If you were to see me out and about with Mia, you’d think we were having a normal conversation between mother and daughter, as I point out the ducks bobbing along the shore, or the ferry making its way across the lake.
Except if you were to listen in closely, you’d notice that I’m the only one talking.
You see, like many children with developmental delays, Mia has trouble with speech.
More specifically, we were told that along with her diagnosis, she would more than likely be non-verbal for life, a typical feature of her rare syndrome.
We received Mia’s diagnosis shortly after she was born.
Any first time parent knows the trials of having a baby that can’t express themselves.
But what does that mean as a child ages?
Will my child be able to use sign language, sounds or approximations to express herself?
Will my child remain like a baby, only able to cry to let me know that something is wrong?
Will communication devices be useful for Mia’s situation?
We’ve chosen to roll with it and take things as they come.
In the meantime, my husband and I talk with Mia.
The commentary fills our days.
On mornings when I get to sleep in and Patrik has duty, I hear his booming voice in our living room as he jokes with Mia and fills her morning with words that we hope she understands.
Even if she doesn’t understand each individual word, I hope that she feels the love that is uttered with each tone.
Even now at four years of age, we have no idea what the future will hold. Mia communicates with her smile and her mood.
If she’s hungry, she’ll bang her hand on the table and smack her lips.
If she’s bored, she grunts.
Want to go faster in the adaptive stroller? Mia will rock back and forth and make a rowing motion with her arms to show us that she has a need for speed.
This past August, Mia started kindergarten at a school specialized in the education of children and adults with visual and hearing disabilities.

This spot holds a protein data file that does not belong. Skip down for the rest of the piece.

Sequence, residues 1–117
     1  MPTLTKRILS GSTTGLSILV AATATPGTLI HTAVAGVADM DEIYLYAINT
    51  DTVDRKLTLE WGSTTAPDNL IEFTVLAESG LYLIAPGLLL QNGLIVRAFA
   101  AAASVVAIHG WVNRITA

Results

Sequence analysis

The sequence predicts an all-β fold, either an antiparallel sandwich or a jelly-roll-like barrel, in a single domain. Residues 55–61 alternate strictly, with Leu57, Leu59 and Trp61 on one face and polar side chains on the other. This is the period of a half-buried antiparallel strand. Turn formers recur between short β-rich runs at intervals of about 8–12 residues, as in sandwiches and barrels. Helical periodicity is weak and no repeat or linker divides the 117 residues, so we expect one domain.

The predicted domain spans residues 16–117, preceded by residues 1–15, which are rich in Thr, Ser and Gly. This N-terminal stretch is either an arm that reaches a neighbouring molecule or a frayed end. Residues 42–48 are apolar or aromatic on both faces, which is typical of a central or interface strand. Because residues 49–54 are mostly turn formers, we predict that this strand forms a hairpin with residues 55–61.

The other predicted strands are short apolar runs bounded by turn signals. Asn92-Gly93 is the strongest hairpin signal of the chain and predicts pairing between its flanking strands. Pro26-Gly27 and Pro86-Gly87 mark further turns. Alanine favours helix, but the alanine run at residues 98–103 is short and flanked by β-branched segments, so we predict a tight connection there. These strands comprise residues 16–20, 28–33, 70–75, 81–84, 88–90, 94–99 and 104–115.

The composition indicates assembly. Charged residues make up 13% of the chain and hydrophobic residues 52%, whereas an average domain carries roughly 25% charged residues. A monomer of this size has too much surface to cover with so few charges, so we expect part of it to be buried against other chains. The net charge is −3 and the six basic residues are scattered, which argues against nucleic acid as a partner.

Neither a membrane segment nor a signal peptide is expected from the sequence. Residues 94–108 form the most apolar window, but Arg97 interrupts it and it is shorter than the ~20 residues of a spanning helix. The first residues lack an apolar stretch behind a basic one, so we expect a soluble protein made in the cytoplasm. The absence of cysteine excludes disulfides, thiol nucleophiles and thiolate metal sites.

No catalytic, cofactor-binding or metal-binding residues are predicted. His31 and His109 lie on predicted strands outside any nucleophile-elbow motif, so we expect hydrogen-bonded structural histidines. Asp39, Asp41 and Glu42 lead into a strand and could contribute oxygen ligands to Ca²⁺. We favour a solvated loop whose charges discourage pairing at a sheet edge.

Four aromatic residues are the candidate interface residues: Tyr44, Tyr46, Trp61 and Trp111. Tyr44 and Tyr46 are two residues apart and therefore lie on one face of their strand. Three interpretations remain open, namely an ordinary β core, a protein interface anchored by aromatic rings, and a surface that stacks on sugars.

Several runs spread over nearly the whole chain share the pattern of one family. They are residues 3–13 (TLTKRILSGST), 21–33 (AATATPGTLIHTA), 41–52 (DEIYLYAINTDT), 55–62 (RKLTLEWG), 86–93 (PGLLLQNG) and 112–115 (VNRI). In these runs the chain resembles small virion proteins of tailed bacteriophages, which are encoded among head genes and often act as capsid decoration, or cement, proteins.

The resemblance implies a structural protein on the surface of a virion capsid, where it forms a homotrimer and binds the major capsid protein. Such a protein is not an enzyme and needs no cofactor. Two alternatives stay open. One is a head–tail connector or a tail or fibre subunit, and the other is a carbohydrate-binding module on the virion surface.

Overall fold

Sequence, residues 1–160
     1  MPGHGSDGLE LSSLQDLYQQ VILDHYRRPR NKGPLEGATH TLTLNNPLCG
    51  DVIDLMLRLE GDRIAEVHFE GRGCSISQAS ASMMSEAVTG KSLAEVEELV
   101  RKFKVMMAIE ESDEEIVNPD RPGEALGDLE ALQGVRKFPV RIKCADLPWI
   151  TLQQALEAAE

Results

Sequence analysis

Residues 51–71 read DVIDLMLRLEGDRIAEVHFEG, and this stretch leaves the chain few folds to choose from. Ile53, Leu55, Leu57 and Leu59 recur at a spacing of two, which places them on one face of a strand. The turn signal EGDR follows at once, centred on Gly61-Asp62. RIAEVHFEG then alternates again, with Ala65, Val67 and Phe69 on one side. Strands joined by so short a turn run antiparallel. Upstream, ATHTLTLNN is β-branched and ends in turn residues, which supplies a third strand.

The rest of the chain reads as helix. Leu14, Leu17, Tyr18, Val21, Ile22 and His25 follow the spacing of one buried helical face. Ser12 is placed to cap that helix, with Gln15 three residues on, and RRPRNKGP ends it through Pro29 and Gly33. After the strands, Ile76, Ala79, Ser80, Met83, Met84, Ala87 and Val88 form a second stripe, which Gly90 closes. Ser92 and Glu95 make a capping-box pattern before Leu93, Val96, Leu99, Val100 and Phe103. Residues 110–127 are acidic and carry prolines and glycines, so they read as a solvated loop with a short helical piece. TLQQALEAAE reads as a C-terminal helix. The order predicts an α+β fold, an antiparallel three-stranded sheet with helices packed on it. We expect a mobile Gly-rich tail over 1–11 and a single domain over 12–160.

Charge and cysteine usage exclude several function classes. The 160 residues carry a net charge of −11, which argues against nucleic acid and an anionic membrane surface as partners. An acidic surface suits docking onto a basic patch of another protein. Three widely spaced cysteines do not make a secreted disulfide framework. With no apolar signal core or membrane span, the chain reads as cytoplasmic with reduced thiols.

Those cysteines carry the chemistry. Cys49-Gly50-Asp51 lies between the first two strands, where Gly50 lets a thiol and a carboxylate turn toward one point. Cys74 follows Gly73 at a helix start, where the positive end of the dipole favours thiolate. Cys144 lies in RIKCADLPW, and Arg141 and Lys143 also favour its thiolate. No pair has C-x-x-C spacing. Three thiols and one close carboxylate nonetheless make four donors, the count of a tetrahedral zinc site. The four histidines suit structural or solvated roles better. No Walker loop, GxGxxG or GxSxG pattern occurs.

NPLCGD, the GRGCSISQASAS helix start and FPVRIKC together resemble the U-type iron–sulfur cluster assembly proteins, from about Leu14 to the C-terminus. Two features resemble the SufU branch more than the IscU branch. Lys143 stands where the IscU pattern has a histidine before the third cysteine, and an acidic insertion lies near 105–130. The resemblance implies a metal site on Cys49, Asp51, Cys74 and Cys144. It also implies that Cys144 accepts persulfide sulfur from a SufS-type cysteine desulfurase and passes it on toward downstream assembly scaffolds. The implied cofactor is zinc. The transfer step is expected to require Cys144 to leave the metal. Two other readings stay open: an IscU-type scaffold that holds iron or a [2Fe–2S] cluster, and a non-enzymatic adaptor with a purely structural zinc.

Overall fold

In the short amount of time that she has been there, we’ve already noticed that Mia is learning alternative ways to express herself.
Recently she started saying ‘mom mom’.
She says it with happiness and a smile.
She knows what she is talking about!
It melts my heart.
We were even able to catch it on her voice recorder.
She plays her own voice at school by hitting the big red button, unleashing a recorded stream of ‘mom mom’ for everyone to hear over and over again, and she smiles a smile, worth 1,000 words.
I imagine that her proud smile means, ‘That’s my voice. Don’t underestimate me.’
Until Mia adds more words to her repertoire, or gains more exact skills in communication. I’m going to keep on doing what I’m doing, and that is talking.
I look for signs that she understands.
Not always sure if the comprehension is there, I try to make decisions and give Mia answers that she would want to hear.
I ask Mia’s doctors, therapists, caregivers and teachers to talk to her as they would with any child her age.
During a doctor appointment where we need to talk about Mia, I set the tone by talking about Mia as if she understands every word.
The truth is, we don’t know her level of comprehension, but I know that I don’t like people to talk about me without acknowledging my presence.
We talk positively.
We are Mia’s voice.
We are Mia’s cheerleaders.
The commentary that rolls off my lips begins from the moment I help Mia out of bed in the morning until Patrik carries her up to bed each night.
Good night Mia.
Can’t wait to talk with you again tomorrow.
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